Media treads carefully until early race call
People watch early election results displayed on a utility lift suspended from the front of the GE Building at Rockefeller Center New York, Tuesday, Nov. 6, 2012. (AP Photo/Craig Ruttle)
NEW YORK (AP) — News organizations anticipated a long night following the presidential race on Tuesday, but it all ended suddenly.
Networks fell in line after NBC, at 11:12 p.m. ET, declared that President Barack Obama would win the battleground state of Ohio and thus, the presidency.
The Associated Press called the race President Barack Obama at 11:38 p.m.
The calls, after a night of careful talk by new organizations, led to the odd spectacle of Republican strategist Karl Rove, a Fox News Channel analyst who helped raise money for GOP candidate Mitt Romney, vociferously complaining that the network had called the Ohio results prematurely for Obama.
"It seems to me you have a lot of votes left to be cast," Rove said, appearing to refer to votes being counted.
Hours after some of the first polls closed, news organizations said most states that were considered true battlegrounds were too close to call. Burned eight years ago by early exit polls that proved misleading, care was taken not to draw too many conclusions this time — partly, as CBS' Bob Schieffer said, because many of the findings were contradictory.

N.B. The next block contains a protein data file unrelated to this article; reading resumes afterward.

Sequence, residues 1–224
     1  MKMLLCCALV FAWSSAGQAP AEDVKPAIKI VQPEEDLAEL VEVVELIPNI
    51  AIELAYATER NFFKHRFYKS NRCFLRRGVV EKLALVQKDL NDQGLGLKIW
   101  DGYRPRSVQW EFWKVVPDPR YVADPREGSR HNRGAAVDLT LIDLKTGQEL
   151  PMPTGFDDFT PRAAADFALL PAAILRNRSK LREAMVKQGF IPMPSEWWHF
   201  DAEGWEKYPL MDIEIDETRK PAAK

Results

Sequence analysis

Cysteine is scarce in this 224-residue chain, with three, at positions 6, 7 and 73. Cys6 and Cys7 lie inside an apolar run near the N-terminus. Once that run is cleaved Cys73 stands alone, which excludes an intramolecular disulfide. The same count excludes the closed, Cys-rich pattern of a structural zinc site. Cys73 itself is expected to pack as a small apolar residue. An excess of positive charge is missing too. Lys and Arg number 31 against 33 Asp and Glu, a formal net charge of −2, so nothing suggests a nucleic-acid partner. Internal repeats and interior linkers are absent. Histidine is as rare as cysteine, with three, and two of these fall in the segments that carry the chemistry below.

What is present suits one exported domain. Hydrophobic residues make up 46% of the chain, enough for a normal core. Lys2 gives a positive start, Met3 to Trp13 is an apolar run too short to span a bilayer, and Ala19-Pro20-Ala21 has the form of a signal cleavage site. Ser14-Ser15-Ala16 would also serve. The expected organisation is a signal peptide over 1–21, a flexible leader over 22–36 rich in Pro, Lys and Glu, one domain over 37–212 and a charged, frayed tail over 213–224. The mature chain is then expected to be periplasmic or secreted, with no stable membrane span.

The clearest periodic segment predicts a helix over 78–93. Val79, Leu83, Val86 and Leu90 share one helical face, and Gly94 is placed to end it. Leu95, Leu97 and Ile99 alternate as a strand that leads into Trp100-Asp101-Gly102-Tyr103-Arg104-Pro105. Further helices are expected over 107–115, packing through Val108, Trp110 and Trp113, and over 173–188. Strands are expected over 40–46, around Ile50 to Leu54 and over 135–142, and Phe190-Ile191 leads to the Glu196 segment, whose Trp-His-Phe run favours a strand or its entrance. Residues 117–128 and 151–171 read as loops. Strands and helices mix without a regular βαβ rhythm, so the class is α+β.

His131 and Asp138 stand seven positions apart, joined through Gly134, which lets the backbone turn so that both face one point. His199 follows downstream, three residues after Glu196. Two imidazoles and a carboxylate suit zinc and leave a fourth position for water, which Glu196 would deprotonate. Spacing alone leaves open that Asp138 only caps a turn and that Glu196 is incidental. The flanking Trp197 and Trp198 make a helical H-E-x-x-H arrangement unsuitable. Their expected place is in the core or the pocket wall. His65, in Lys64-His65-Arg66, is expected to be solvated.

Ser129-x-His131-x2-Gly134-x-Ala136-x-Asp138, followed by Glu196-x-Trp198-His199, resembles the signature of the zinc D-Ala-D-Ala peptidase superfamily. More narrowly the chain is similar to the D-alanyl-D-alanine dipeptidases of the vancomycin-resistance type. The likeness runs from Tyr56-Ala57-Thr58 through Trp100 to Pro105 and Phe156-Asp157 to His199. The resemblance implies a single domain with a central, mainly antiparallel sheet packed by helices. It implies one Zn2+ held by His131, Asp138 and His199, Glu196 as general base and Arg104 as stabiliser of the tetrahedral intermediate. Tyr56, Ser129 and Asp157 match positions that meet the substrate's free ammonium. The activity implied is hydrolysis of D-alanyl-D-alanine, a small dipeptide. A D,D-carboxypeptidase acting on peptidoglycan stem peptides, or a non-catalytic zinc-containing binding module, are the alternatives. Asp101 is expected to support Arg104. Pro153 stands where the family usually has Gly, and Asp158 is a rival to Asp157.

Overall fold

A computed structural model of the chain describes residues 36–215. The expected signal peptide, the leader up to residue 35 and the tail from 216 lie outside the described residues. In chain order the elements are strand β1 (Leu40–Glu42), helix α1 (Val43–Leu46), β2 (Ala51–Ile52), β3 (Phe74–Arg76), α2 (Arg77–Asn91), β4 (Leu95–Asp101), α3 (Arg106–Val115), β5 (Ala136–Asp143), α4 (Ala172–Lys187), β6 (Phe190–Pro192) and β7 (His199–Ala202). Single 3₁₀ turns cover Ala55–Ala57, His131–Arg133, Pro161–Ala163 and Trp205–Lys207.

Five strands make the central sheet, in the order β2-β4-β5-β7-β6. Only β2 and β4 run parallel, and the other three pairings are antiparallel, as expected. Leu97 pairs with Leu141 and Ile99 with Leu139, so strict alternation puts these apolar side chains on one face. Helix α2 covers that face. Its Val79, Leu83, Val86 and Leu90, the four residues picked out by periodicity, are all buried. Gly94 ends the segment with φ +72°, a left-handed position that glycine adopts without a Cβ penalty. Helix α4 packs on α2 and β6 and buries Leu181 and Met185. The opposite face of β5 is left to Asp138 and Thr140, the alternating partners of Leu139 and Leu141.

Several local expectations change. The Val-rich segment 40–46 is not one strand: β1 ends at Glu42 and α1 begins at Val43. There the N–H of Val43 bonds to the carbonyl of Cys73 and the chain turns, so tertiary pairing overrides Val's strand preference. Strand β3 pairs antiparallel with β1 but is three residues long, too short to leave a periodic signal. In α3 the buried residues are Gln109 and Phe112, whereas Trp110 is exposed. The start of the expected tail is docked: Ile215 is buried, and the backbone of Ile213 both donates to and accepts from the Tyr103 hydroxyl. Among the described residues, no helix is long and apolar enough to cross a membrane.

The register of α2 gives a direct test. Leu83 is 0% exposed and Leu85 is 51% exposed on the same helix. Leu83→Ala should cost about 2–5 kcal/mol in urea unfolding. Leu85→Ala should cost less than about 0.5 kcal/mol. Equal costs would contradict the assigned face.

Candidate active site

Two of the three biggest broadcast networks had new leaders in place for presidential election night coverage. Diane Sawyer and George Stephanopoulos teamed on ABC, and Scott Pelley led the CBS coverage. Brian Williams was back in the anchor seat at NBC.
People watch election results displayed on a utility lift suspended from the front of the GE Building at Rockefeller Center, in New York, Tuesday, Nov. 6, 2012. From center left are Bryan Fletcher of Park City, Utah; Jen Hudak, Salt Lake City; Lindsay Arnold, Park City; K.C. Oakley, Park City, and Emily Cook, Park City. After a year of campaigning, polls have begun to close after Americans across the United States headed to the polls to decide the winner of the tight presidential race between President Barack Obama and Republican presidential candidate, former Massachusetts Gov. Mitt Romney. (AP Photo/Craig Ruttle)
But 2012 was notable for the vast array of outlets that an interested consumer could command to create their own media experience on different screens, with web sites offering deep drill-downs in data and social media hosting raucous conversations.
A still-unclear picture early in the evening led to some tortured language on television. "We are not in receipt of any information that we're trying to hint about," said NBC's Brian Williams before 9 p.m. EST. "All we're saying is, if you're in the Romney organization, you would probably like some of these battlegrounds to have closed by now, or very soon."
News outlets carefully parsed information and sometimes used the same facts for contradictory conclusions.